An effective prostate cancer prevention strategy would provide many benefits to men with a significant positive impact on public health. The mentioned strategy would have great potential to reduce the high risk of developing prostate cancer and the morbidity associated with cancer treatment. It would be particularly effective in newly diagnosed patients with biologically indolent prostate cancer who are still undergoing therapy with curative intent instead of active surveillance and ultimately, the inability to eradicate life-threatening metastatic prostate cancer. The currently available epidemiological data show that lifestyle has a high role in the factors for the occurrence of cancer, especially if it is considered that prostate carcinogenesis lasts for many decades. In that case, lifestyle modification can be a very good and highly cost-effective way to slow down the development of the disease [14].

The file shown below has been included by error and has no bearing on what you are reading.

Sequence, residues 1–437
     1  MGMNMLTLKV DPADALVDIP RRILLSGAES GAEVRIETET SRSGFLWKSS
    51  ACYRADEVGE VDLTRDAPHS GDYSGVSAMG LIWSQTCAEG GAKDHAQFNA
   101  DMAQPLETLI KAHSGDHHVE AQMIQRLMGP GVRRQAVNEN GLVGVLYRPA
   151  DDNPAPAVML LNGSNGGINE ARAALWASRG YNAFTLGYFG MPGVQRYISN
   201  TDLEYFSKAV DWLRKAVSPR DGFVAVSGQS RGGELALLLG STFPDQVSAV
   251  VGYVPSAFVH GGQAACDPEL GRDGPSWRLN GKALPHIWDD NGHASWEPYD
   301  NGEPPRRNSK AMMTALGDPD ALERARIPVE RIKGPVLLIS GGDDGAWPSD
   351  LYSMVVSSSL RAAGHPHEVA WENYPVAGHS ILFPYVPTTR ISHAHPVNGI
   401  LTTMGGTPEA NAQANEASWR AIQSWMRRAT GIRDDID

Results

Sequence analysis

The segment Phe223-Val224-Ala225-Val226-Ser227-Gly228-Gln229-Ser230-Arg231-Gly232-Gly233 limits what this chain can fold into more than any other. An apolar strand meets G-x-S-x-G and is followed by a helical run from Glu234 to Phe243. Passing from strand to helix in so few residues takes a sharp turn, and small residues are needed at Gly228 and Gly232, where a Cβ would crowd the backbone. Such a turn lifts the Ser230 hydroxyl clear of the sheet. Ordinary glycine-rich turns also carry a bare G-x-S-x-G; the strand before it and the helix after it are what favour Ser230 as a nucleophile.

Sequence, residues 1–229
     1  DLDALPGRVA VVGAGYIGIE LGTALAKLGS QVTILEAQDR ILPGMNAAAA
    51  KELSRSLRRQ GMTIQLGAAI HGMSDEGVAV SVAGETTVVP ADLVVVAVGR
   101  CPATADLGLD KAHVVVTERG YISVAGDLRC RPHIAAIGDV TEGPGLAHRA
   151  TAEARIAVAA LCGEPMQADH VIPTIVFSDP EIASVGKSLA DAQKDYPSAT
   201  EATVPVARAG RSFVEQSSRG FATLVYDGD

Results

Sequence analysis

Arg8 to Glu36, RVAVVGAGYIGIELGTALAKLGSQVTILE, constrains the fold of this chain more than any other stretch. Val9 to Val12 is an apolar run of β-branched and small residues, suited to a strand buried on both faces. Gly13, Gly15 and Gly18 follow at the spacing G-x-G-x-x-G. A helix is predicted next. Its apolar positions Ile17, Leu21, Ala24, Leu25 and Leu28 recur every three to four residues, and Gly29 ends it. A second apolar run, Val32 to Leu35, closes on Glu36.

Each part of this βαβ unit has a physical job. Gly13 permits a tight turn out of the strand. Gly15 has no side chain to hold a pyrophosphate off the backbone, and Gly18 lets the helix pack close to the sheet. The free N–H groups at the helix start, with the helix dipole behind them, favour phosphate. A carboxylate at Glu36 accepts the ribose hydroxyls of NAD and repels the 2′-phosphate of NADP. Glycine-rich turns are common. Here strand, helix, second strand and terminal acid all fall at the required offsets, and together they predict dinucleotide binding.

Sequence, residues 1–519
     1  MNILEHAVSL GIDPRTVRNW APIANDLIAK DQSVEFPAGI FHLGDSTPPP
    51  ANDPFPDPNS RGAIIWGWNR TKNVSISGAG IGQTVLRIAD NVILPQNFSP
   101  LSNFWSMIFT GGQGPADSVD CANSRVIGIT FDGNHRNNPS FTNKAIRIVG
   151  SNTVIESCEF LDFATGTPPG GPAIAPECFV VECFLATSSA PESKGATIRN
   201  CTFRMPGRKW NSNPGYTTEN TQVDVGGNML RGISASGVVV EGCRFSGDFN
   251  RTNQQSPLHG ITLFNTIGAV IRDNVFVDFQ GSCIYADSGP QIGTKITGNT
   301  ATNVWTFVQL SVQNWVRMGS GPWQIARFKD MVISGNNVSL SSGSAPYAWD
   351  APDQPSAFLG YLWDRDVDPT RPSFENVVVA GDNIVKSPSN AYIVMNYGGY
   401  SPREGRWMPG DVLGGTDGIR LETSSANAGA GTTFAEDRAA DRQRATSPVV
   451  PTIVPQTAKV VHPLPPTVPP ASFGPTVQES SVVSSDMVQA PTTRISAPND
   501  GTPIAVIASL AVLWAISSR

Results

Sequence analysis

The high global incidence of prostate cancer indicates the necessity of strengthening existing tools for the identification of prostate cancer and the introduction of new prevention strategies to reduce the impact of this disease on public health in the future. A positive trend that played a revolutionary role in the diagnosis of prostate cancer is the identification of the PSA biomarker. Since 1980, a double incidence of prostate cancer has been noted in the USA and other countries, especially in the West [14, 31, 32]. However, PSA was not recommended for the screening program due to the relevant overdiagnosis and the severe side effects of treatments.